“The Jeffrey Thomas Fund will support the critically important work of the Animal Law and Policy Program. I look forward to seeing how it will advance research and teaching to improve the welfare of animals,” said Harvard president Drew Faust.

“How humans raise animals for food in this country and around the world affects animal welfare, human health, food safety, workers’ rights, as well as climate change and the environment,” said Dean Martha Minow. “With the leadership of the Animal Law & Policy Program, and the marvelous generosity of Jeff Thomas, Harvard Law School pursues scholarship and work at the forefront of these critical concerns, and I am so grateful.”

The gift is to be used as the program’s directors see fit, beyond a few important stipulations, said Green.

“Jeff wanted his resources to go toward items not already budgeted for, and he wanted the entire sum to be spent within seven years to ensure the gift would be implemented right away and help the program immediately expand upon its existing efforts.”

The gift has supported a new fellow to work on animal welfare aspects of a larger U.S. farm bill policy analysis being run by the HLS Food Law and Policy Clinic. Given the substantial impact factory farming has on animal welfare, public health, and environmental degradation, said Green, the program plans to hire additional fellows to work on farmed-animal policy in the coming year.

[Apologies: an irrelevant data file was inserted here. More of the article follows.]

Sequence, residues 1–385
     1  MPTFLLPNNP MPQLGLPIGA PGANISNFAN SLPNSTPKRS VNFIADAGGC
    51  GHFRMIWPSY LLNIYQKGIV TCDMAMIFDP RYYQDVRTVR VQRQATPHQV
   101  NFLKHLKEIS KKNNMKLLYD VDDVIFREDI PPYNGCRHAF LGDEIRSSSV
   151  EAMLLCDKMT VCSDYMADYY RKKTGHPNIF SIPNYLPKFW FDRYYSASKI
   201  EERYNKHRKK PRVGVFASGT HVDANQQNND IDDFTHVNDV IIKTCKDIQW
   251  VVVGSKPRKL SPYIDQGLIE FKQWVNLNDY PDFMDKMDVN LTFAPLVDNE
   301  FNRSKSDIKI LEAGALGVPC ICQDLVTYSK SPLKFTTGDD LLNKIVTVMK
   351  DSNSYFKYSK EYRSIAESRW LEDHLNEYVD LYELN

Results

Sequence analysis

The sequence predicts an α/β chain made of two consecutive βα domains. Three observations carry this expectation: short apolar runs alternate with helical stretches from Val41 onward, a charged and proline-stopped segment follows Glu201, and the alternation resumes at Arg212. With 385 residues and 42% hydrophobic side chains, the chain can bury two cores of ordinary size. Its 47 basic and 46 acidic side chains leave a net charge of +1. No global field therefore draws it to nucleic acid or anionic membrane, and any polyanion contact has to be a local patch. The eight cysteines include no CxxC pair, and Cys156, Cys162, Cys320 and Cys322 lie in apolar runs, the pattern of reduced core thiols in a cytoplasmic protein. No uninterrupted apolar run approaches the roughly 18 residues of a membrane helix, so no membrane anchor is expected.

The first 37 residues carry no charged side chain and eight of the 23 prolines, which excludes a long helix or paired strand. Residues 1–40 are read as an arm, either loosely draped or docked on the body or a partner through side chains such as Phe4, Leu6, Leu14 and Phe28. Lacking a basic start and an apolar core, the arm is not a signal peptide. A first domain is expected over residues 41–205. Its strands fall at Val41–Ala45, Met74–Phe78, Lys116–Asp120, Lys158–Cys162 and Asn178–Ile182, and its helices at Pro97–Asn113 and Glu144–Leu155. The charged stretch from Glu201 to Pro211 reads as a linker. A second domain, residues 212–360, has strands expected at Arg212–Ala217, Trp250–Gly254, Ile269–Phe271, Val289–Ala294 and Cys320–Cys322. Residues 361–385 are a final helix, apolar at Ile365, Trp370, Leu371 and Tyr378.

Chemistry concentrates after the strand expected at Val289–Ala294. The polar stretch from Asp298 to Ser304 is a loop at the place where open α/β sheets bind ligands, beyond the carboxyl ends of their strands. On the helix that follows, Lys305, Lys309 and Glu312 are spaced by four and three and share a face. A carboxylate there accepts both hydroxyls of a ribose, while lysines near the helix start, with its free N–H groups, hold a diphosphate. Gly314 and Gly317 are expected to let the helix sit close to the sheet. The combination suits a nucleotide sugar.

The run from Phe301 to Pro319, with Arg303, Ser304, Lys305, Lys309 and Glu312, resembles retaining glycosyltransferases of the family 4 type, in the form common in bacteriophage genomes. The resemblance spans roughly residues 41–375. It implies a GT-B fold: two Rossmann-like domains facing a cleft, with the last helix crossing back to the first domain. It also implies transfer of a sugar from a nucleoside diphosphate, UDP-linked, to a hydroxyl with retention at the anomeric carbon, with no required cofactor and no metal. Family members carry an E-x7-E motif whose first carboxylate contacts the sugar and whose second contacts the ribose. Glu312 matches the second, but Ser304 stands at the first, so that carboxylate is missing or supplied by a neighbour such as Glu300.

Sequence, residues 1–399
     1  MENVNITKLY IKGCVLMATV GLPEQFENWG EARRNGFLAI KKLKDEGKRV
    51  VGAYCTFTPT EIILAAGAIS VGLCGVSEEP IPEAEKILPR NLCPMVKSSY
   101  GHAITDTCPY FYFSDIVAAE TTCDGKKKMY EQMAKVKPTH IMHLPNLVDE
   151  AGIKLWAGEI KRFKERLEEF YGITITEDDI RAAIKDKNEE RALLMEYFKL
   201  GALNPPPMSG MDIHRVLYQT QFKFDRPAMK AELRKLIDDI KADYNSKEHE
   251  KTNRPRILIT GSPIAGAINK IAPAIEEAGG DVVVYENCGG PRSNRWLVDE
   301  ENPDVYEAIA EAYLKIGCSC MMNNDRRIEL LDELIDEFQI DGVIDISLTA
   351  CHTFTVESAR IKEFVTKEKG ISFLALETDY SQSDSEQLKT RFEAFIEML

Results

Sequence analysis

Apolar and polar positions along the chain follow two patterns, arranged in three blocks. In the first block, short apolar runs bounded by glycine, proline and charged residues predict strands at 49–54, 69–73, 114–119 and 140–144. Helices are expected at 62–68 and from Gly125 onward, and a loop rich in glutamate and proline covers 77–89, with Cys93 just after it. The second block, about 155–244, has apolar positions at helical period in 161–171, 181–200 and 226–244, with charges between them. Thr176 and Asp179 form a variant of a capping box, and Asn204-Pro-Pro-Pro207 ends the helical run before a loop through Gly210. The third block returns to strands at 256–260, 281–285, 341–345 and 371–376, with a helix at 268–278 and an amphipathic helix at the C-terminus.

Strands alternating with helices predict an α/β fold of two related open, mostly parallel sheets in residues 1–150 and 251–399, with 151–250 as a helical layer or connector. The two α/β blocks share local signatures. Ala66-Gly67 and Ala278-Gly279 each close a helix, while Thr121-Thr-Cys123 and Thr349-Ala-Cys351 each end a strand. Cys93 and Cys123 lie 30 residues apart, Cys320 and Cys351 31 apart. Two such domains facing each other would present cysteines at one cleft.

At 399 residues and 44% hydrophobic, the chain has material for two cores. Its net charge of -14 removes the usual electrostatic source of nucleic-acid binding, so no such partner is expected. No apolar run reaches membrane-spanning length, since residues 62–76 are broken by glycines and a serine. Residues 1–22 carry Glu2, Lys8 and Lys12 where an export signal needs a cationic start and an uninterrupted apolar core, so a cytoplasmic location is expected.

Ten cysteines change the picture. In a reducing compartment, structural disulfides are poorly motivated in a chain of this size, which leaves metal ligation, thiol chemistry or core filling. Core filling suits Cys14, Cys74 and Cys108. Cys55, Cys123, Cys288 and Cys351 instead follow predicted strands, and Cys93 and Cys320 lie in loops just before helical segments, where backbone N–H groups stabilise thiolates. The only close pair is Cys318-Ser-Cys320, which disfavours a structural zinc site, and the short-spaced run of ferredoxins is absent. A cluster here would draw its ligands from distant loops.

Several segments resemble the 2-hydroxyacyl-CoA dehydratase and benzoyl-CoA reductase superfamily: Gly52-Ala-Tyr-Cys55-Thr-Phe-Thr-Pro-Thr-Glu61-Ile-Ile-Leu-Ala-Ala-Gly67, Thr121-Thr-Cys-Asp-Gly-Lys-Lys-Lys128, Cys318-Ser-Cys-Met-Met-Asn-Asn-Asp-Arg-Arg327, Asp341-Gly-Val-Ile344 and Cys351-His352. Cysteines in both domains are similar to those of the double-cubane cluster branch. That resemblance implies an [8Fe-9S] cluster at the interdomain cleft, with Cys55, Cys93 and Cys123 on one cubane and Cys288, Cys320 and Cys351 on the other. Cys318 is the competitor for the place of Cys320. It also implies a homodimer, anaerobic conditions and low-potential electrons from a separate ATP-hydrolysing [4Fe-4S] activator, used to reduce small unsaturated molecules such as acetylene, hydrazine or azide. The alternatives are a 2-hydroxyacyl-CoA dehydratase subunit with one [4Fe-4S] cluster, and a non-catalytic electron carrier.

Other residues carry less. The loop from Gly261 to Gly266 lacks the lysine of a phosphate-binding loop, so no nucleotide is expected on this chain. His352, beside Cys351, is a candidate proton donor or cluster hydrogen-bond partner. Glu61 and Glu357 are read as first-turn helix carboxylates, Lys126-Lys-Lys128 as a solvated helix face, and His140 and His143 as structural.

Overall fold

The program’s work reaches well beyond U.S. borders. Its faculty director, Kristen Stilt, is collaborating with Harvard’s South Asia Institute to examine animal agriculture from the Middle East to Asia.

Christopher Green, executive director of Harvard Law School’s Animal Law & Policy Program with Kristen Stilt, HLS professor of law and the program’s faculty director, Stilt’s daughter Lark, and Belle, a 14-year-old Hafflinger horse who lives at Winslow Farm, animal sanctuary in Norton, Mass.
Christopher Green with Kristen Stilt, HLS professor of law and the program’s faculty director, Stilt’s daughter, Lark, and Belle, a 14-year-old Hafflinger horse who lives at Winslow Farm, an animal sanctuary in Norton, Mass. Photo by Penelope Yan

“The goal is to produce a comprehensive report on such practices and their consequences to set a baseline for deeper policy analysis,” said Stilt, a professor of law who noted that the factory-farming model under fire in the United States “is on the rise in the rest of the world.”

Stilt is also studying the emergence of animal-protection provisions in constitutions worldwide and conflicts between animal welfare and religious freedom in cases of ritual slaughter.